The Boerhaave Museum is the leading science museum in the Netherlands, and Philips has carried out research there for 100 years. For the celebratory centennial exhibition, both Philips and museum director Dirk Van Delft wanted to avoid an overly historical feel. Instead, by using innovative technology, they created an exhibition that was engaging, future-focused, and highly illuminating.
Dirk van Delft explained, “We wanted an atmosphere that looked forward. Not just a look at the past and a lot of brown wallpaper.” Working with Dutch designers Northern Light, the museum conveyed the innovative spirit of Philips, both in content and delivery.
The technologies used included our Luminous textile panels, which display images and moving visuals. But the star of the show was our LED-based Indoor Positioning System. This new technology uses GPS to provide people with light and information according to their specific location. Visitors were given iPads, which used their position to relay facts about nearby displays. Subtitled ‘100 years of inventions that matter,’ the exhibition started with the history of the light bulb. It then moved on to areas like the development of radio and the use of calming light in MRI scanners.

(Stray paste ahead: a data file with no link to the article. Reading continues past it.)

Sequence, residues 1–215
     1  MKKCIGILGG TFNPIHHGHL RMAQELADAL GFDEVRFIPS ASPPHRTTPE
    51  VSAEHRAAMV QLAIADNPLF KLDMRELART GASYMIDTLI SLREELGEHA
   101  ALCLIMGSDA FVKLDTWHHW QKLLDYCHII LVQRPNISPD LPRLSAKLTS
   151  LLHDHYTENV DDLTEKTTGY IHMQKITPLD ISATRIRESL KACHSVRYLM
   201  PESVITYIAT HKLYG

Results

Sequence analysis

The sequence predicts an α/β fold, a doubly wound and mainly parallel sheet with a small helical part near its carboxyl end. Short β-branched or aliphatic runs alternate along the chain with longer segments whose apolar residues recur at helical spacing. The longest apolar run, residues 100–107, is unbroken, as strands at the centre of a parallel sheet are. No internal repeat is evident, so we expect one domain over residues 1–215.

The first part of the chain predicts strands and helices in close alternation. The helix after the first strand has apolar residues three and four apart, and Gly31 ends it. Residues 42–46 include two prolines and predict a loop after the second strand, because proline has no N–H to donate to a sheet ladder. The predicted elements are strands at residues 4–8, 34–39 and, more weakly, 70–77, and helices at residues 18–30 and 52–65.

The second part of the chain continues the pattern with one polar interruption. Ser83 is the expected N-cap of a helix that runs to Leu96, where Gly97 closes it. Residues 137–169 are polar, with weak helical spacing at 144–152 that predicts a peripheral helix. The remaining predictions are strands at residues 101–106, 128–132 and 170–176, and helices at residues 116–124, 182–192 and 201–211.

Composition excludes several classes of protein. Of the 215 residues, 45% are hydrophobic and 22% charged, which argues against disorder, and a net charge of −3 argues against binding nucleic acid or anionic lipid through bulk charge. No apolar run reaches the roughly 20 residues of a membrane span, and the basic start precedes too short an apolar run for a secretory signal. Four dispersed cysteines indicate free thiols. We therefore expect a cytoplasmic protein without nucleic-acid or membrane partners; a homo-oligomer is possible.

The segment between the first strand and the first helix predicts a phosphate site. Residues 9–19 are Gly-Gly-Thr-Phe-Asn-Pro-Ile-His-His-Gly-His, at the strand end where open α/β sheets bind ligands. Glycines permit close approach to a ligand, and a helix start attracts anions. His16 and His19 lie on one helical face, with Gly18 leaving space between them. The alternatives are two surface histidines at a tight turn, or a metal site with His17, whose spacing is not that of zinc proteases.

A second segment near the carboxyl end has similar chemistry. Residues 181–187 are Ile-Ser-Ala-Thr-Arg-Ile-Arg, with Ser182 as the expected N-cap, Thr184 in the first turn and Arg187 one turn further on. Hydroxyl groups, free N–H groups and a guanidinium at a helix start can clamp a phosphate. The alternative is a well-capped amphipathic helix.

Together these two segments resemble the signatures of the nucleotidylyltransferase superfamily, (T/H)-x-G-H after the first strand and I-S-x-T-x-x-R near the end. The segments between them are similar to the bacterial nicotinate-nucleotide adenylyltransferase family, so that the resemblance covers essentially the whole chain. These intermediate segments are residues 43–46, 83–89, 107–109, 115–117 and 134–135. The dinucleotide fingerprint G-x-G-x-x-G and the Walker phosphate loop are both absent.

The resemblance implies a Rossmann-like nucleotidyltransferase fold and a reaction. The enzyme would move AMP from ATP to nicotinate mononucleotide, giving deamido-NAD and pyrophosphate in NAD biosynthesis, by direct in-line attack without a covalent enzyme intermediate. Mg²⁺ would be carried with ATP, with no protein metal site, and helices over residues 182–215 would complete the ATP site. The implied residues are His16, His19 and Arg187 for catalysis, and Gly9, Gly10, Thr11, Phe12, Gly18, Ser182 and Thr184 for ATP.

Ferrie Aalders, head of business excellence at Philips Research, said that one of the exhibition’s aims was to show how active Philips is in research. “The Dutch perception is that research activity has decreased,” Aalders said. “In fact, we’re collaborating with more research institutions than ever, and we’re now among the largest industrial laboratories in the world.’’
The last few months of the exhibition included work from the late photographer Ed van der Elsken, who documented our research facility in a uniquely gritty manner. Associated conferences were also held, and while the exhibition was open, museum attendance rose by 20-30%.
Aalders said, “We were very honored that such a prestigious museum wanted to pay attention to the first century of our company.” Retail giant Carrefour has now implemented our Indoor Positioning technology in its store in Lille, France. How fitting that an exhibition about the history of research could also draw attention to new technology!